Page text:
Repurpose crayons into beautiful sun catchers from crayon shavings! Use crayon shavings to make Easter Egg sun catchers with this repurposed crayon activity perfect for Easter and Earth Day!
Looking for the perfect rainy day activity! Check out how to recycle those broken crayons into sun catchers using supplies you prob have on hand!
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Repurpose Crayons into Sun Catchers
If you are anything like me, you have a giant box of broken crayons in your craft supplies.
I usually just start tossing the crayon halves when the girls decide to leave them on the floor. It’s my new rule. If you leave, I throw it out.
Seriously, I have 5 kids. I don’t know what else to do to make them value their things anymore. If they truly care about it, then they’ll clean it up. Fortunately, my kids care about everything. Every. single. little. thing.
We found some time to craft. Yay! We decided to repurpose crayons to make some sun catchers.
The girls wanted to put an Easter spin on things, so we ended up turning them into Easter eggs just for kicks.
You can make sun catchers too. It’s super easy. Check out the directions for this super easy project below!
Repurposed Crayons Sun Catcher Supplies
- Various colored crayons
- Pencil sharpener with crayon sharpener opening
- Wax paper
- Scissors (click the link to grab some of my tried and true scissors! I’ve put these scissors through it all and somehow they are still chugging along years later!)
- Paper plates (to collect your crayon shavings on)
- Decorations (optional)
How to Make Sun Catchers from Crayon Shavings
Round up some crayons. We love to repurpose crayons because we always seem to have a bucket full of broken pieces.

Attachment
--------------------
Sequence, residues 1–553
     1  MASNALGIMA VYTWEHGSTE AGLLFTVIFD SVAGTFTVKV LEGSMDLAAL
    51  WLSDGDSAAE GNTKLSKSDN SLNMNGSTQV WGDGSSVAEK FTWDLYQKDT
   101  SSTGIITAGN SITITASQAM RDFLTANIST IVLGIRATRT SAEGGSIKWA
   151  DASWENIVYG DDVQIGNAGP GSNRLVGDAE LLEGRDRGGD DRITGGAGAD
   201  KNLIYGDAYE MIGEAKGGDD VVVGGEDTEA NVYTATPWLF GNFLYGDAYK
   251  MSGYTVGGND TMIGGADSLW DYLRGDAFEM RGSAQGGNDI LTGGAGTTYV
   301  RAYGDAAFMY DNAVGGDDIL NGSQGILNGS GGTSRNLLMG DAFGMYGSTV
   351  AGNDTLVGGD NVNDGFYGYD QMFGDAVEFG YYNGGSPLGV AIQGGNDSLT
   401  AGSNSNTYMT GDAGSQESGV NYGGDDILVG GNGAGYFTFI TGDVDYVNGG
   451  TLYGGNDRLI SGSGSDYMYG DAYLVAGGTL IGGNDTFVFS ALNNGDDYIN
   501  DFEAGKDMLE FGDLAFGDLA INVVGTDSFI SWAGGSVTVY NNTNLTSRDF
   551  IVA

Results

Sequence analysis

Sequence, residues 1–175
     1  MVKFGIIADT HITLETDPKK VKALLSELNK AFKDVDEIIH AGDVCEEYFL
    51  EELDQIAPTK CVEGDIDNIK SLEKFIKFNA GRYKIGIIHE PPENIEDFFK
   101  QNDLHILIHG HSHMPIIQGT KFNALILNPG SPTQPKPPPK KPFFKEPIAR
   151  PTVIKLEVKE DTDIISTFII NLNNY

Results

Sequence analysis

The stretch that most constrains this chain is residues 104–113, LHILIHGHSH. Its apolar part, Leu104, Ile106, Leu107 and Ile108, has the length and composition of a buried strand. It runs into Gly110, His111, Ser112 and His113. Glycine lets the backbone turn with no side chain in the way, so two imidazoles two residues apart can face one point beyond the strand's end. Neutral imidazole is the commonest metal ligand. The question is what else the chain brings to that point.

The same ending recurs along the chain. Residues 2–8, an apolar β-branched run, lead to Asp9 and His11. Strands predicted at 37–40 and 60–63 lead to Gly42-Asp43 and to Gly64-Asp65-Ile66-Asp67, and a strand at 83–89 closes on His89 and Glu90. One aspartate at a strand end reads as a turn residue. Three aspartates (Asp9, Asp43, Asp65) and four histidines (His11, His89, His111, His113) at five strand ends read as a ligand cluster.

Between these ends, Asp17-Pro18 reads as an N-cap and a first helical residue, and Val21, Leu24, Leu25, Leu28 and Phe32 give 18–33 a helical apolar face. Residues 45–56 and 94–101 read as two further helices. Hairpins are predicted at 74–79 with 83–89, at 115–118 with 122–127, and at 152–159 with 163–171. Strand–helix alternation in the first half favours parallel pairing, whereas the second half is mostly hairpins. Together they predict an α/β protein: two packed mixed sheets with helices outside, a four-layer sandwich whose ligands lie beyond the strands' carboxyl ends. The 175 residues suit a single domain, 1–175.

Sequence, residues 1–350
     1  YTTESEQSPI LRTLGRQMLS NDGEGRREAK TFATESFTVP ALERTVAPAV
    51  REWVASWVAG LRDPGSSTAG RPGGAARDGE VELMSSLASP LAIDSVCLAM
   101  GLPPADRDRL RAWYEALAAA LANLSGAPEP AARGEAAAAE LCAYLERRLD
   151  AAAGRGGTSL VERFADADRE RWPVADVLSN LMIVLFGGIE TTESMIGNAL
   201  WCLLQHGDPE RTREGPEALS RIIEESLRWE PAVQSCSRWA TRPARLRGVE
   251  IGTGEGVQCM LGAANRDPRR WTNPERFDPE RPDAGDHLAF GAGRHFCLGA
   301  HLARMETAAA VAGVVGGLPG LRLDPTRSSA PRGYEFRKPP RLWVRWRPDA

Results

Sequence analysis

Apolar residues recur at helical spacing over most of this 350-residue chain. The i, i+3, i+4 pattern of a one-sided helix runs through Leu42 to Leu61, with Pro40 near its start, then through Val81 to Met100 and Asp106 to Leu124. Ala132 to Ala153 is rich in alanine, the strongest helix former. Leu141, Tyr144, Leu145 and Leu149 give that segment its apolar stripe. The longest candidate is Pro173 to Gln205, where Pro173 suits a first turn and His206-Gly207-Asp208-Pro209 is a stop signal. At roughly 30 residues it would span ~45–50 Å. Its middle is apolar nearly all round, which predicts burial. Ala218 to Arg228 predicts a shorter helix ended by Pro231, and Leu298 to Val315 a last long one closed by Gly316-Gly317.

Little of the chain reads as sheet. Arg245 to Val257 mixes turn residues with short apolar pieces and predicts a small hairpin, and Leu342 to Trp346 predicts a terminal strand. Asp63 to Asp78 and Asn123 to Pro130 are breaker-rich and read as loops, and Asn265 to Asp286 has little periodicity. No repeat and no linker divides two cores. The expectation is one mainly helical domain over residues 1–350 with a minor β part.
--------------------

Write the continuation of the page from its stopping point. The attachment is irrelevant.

To begin, I let the girls pick their color stories with shades of colors for each egg.
They decided to go with Blue, Yellow, Pink, and Purple. Use the pencil sharpener to shave the crayons into a pile.
We used paper plates to limit the mess.
Please note: this is the longest part of the whole project. It’s hard for a 5-year old to do, but they can do it. I just did some deep breathing patience practices while I waited and then we talked about prisms.
After you have shaved a substantial amount for each crayon, you’ll want to heat up your iron.
While your iron is heating up, place the piles of crayon shavings onto your wax paper.
You can also just shave the crayons onto the wax paper, to begin with, but I wanted to avoid a potential mess with my 5-year old and 1-year old!
The rascally 1-year old and tiny 2-month old needed constant entertaining.
Place another sheet of wax paper over the crayon shavings. Use your iron to melt the crayon between the sheets of wax paper.
It doesn’t take a long time. We placed the iron on for 10-20 seconds and then redid some spots that looked like they needed to melt more.
DO NOT DRAG YOUR IRON OVER THE WAX PAPER. IT WILL RIP.
Draw your design with a pencil and cut it out. We drew some ovals for eggs and then cut them.
The crayon should be melted completely. If it flakes out while your cutting, place the iron on it for a few more seconds.
Remember to cover up any exposed crayon so it doesn’t get on your iron.
Cut out your designs and decorate. You can hole punch the top and add a string if you want to. We chose to add some double-sided tape and hang it on the window.
This project took an hour for us to do even with the extra two kiddos to watch. I’m super impressed that I was able to do craft time with all four kids!!
Throughout the project, we took time to talk about prisms. We learned about how light bends when it goes through a prism and that each color has its own wavelength that bends at its own angle. The girls thought this was super cool!
Meet Toni, the Maker Mom behind Our Family Code
Hey there, I’m Toni! I’m a software engineer and Maker Mom that finds my joy in unleashing my children’s curiosity by exploring STEAM concepts with my fantastic five!
When I’m not chasing toddlers or raising tweens, you can find me tearing things up and putting them back together over here at Our Family Code.
I am the owner and content creator of multiple educational websites designed to increase access to STEAM & STEM education with a focus on teaching computer science and coding to kids of all ages!
You can also find out more about me by visiting ToniGardner.com!